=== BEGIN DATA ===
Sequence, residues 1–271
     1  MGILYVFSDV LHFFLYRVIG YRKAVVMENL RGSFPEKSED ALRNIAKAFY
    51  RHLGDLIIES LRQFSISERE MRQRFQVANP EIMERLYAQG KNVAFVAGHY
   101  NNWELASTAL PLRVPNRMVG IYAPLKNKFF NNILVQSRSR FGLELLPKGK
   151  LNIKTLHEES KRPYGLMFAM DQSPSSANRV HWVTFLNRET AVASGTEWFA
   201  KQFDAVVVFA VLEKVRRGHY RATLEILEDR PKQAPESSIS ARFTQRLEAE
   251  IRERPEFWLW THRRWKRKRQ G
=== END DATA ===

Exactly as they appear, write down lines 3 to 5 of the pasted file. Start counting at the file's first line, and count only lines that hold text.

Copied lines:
    51  RHLGDLIIES LRQFSISERE MRQRFQVANP EIMERLYAQG KNVAFVAGHY
   101  NNWELASTAL PLRVPNRMVG IYAPLKNKFF NNILVQSRSR FGLELLPKGK
   151  LNIKTLHEES KRPYGLMFAM DQSPSSANRV HWVTFLNRET AVASGTEWFA